Sunday, September 25, 2011

Remember That Blackberry Lily?

Belamcanda "Blackberry Lily" seed pod

Belamcanda "Blackberry Lily" bloom
Belamcanda seed pods

In mid-July, I wrote a post featuring Belamcanda, or "Blackberry Lily".  I talked about how after the bloom fades, a seed pod forms and then it later breaks open revealing something that looks very much like a blackberry.  Well, here it is.  Cool, huh?

Bookshelf:  Container Gardening Books

Sunday, September 11, 2011

Rozanne and Margarita

Rozanne and Margarita
This is the color combination that I tend to repeat most often:  purple and lime green.  Here I did it with Geranium "Rozanne", a perennial that is hardy to zone 5, likes partial to full sun, and blooms all season long.  For the lime green I used Sweet Potato Vine "Margarita", an annual that is well worth buying every year because of its fantastic trailing habit.  (For more evidence, check out my link from last August.)  To the right of the picture, you'll see a bronze colored leaf as well.  That's from Sweet Potato Vine "Sweet Caroline".

Feel free to comment with color combinations that you like to put together.  I'm always looking for new ideas.

Bookshelf:  Container Gardening Books

Monday, September 5, 2011

Summer Heat

A little summer heat
As if summer all over the country has not been hot enough, here's something to add a little extra spice to that heat.  Although this pepper plant did not come with a tag, I'm 99% sure it's a Serrano pepper.  Serranos are pretty hot, in fact, they are 5 times hotter than a Jalapeno.  The heat of chili peppers is measured in Scoville heat units (named after a chemist by the name of Wilber L. Scoville).  A sweet bell pepper comes in at 0 on the scale; a Serrano is anywhere from 8,000 to 22,000; a Red Savina Habanero registers up to 575,000; and the grand daddy of them all, the Trinidad Scorpion, can reach a whopping 1.4 million.  Someone call the fire department!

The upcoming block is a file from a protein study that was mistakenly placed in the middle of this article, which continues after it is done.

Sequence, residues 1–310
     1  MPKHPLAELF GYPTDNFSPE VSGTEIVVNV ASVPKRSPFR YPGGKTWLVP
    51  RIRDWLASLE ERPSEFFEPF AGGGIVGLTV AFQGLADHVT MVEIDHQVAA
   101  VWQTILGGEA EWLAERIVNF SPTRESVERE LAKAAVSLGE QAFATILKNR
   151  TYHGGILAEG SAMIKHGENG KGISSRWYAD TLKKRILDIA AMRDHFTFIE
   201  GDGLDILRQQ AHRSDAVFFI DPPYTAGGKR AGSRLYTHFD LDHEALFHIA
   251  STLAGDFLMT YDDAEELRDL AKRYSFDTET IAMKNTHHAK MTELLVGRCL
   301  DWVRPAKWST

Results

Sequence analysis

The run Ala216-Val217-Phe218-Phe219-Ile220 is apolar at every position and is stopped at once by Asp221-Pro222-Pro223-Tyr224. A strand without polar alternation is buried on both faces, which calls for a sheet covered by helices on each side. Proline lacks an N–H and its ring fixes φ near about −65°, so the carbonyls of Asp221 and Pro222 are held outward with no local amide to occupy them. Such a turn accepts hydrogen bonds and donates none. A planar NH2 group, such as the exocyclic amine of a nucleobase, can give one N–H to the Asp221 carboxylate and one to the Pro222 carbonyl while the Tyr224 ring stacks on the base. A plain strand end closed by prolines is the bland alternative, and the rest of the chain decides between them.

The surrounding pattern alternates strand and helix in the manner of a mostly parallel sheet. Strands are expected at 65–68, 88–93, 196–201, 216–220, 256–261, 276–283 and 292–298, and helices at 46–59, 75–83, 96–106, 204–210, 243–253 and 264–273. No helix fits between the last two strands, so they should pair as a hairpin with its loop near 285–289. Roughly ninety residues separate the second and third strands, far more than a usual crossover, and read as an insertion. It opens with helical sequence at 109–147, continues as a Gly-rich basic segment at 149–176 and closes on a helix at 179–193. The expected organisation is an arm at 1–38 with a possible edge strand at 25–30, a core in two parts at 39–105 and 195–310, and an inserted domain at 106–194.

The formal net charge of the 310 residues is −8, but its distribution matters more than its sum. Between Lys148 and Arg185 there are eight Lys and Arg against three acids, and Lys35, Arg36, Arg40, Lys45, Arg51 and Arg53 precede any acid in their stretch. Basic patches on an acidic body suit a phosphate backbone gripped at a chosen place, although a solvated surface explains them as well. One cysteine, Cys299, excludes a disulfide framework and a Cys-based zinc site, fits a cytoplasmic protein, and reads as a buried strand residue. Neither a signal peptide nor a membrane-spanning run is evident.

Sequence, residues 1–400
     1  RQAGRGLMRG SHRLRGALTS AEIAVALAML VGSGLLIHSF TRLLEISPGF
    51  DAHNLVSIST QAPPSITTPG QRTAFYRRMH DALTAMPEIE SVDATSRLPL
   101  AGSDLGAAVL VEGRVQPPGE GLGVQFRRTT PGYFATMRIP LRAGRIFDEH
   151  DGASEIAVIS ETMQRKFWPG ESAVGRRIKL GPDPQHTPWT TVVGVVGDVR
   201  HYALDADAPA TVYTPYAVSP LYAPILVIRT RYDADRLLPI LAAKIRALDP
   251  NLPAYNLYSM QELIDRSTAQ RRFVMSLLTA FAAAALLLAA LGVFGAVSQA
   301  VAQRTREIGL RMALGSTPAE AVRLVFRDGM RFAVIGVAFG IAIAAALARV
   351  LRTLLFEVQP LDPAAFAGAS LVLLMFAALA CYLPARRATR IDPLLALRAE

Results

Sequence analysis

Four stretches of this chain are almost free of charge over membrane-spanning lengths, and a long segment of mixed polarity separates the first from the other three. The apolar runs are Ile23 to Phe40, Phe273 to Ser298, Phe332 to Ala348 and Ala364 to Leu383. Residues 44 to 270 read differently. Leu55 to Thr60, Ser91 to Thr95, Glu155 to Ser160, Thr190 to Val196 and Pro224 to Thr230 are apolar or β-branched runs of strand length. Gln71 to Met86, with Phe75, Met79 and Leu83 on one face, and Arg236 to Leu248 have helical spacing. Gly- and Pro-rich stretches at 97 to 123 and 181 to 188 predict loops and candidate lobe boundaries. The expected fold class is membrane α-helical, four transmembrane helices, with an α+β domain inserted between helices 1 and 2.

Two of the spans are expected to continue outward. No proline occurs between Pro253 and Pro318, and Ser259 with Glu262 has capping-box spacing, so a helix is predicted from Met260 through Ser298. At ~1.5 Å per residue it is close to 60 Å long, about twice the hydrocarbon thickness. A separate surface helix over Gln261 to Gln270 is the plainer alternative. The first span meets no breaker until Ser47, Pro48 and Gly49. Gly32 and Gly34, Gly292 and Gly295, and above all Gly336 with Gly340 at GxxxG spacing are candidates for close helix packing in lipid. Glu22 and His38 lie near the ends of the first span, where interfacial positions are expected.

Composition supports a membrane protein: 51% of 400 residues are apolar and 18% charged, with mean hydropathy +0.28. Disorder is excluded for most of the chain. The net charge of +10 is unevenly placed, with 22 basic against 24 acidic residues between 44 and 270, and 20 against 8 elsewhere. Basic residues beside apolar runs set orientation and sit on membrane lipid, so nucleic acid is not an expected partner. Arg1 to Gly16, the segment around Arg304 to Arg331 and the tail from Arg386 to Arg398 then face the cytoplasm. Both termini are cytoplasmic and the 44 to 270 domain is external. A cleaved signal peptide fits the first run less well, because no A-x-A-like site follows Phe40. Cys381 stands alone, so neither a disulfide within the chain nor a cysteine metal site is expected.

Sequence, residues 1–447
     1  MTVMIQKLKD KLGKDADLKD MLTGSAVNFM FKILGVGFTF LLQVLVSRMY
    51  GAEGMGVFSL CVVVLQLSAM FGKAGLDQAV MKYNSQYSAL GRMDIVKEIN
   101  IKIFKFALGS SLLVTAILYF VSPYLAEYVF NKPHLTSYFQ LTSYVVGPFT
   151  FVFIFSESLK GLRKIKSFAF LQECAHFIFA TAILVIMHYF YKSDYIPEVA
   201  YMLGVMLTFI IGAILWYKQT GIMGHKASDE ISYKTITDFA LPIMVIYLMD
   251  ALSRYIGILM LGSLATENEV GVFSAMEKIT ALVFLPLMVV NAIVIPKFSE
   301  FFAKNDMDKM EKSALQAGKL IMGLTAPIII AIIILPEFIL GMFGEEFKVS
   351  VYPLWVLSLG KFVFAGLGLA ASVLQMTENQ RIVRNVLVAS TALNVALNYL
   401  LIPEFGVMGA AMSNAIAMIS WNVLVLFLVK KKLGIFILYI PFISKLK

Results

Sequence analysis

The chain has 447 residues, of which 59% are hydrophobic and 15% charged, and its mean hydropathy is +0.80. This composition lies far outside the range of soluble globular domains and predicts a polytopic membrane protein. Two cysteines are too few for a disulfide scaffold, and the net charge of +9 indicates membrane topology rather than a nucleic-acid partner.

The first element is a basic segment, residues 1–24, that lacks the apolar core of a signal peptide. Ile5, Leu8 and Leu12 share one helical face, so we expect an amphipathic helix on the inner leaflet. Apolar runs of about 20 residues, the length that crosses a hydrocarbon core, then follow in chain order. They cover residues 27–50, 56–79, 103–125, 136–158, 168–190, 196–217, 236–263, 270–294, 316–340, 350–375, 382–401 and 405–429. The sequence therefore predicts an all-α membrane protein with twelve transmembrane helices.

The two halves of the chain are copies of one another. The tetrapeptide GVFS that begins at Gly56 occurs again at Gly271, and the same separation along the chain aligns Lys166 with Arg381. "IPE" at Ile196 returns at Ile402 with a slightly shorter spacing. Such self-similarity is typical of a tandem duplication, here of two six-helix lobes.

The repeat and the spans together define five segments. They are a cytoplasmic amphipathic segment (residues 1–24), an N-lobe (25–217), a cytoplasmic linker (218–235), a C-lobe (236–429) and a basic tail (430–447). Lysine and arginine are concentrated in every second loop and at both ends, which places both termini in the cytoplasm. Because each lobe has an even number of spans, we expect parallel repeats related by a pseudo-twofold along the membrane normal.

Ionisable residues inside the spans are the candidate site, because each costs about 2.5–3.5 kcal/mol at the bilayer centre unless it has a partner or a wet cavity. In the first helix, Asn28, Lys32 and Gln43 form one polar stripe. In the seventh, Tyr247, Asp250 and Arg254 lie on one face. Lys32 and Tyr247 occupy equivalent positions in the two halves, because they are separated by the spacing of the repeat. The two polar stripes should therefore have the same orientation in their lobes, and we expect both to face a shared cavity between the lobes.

The degree of heat of a particular pepper depends on the growing conditions, the soil, and the weather.  So the range for the Serrano can be explained by those factors.  Also, Serranos will change color on the stalk depending on how long you leave them there.  Mine turn red but others might turn brown, orange, or yellow.  I use mine mostly to make salsa, along with tomatillos that I also grow.  If you need to turn down the heat a little, you can always remove more of the seeds and the membrane from inside the pepper--that's where most of the heat is. 

If you've gotten in over your head, heatwise, there are a few ways to get immediate relief.  Some proven remedies are:  drink milk; drink sugar water; drink alcohol.  Some folk remedies are: eat cucumber slices; eat a raw carrot; and, get this, eat more of the same pepper (really??).

Hot peppers are annual in my zone so I'll have to replant if I want more next year.  Also, they like full sun and you can easily grow them as a companion plant in a mixed container. 

Bookshelf:  Container Gardening Books